Low oil prices. A stronger dollar. The aftermath of an earthquake. A looming general election with no clear outcome.
Every day Ecuador sinks deeper towards a state of outright crisis. In the face of an economic contraction, the country must overcome enormous obstacles to recovery and growth. Its politics do not offer a clear way out and look more unpredictable every month.
At the same time though, Ecuador has not been as devastated by low oil prices and economic mismanagement as, for example, Venezuela has been—nor are its politics as polarized or authoritarian. Unlike Venezuela, political and economic changes still seem possible, and whoever wins the 2017 general election will have the opportunity to mend past mistakes and implement necessary economic reforms. A return to prosperity, however, is only possible if President Rafael Correa is able to fend off economic chaos and allow for a smooth, stable transition.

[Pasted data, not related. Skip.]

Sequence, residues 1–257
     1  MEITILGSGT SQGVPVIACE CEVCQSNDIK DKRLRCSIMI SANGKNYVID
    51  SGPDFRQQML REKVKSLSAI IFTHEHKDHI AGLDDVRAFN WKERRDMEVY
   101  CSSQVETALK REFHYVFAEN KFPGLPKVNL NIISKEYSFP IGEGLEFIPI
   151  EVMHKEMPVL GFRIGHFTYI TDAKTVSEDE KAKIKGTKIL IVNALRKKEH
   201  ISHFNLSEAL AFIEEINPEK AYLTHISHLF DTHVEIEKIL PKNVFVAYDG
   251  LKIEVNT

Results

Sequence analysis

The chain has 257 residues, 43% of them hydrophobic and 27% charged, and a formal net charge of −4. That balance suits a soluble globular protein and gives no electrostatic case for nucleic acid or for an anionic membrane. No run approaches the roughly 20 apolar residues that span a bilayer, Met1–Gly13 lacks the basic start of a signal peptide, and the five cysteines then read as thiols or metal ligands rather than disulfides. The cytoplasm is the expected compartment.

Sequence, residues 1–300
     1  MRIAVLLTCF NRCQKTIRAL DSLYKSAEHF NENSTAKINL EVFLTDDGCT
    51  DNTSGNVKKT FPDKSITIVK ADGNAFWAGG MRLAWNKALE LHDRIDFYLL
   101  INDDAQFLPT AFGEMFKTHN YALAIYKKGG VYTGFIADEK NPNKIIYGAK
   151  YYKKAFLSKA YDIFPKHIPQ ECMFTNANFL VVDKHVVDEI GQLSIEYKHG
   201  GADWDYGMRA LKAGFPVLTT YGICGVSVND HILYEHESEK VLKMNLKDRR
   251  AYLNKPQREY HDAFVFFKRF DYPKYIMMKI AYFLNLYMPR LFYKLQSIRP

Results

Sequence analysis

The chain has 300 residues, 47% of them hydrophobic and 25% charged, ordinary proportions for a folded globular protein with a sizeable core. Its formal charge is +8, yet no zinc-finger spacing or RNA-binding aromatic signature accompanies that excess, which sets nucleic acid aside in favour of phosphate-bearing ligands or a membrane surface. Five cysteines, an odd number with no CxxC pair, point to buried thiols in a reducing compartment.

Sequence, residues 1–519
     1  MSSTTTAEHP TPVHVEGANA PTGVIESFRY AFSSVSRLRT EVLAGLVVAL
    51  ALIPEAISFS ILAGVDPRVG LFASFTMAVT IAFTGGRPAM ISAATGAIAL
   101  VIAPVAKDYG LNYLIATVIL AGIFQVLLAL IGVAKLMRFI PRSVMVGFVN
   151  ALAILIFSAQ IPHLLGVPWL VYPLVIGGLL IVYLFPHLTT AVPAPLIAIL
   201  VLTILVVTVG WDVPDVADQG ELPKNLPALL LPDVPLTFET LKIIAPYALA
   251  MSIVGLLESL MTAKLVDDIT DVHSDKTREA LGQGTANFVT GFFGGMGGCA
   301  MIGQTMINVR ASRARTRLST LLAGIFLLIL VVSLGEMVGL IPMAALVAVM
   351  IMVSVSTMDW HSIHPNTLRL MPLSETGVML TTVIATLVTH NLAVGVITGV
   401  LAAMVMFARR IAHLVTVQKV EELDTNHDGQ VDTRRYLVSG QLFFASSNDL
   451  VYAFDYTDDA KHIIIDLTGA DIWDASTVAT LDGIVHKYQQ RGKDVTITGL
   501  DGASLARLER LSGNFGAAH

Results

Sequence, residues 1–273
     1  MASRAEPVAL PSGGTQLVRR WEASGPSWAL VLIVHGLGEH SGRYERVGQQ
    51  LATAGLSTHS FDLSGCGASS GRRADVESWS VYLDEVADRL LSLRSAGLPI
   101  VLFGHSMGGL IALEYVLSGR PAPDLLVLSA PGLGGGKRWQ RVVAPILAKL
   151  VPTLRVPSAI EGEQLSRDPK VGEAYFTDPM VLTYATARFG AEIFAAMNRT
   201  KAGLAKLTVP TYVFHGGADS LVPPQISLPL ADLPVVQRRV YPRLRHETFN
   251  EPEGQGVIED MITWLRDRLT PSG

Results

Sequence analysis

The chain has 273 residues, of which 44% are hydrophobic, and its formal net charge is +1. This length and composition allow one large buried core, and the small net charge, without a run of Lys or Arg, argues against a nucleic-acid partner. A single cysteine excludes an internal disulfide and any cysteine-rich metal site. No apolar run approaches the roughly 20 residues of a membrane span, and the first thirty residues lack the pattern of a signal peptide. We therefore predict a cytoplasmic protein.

The biggest challenges ahead are economic, as the country’s macroeconomic model grows ever more in need of reform. Under Correa, high levels of public spending, which increased more than threefold between 2006 and 2014, have been a major component of the economy. His party, Alianza PAIS, aimed to leverage government spending into economic investment, in large part through empowering the country’s least well-off and by obtaining contracts with the private sector in order to place the government at the helm of the economy. In doing so, the government attempted to shift away from the country’s dependency on oil and towards other domestic industries. There have, to be sure, been some successes: between 2007 (when Correa assumed office) and 2015, “multidimensional” poverty decreased by 16%, with 1.9 million Ecuadorians lifted out of poverty; average GDP growth has been nearly 4%, higher than the region’s 3% average; 80% of education is now public (though a similar increase in the quality of education is missing) and substantial investments have been made in new roads, along with new public hospitals and education centers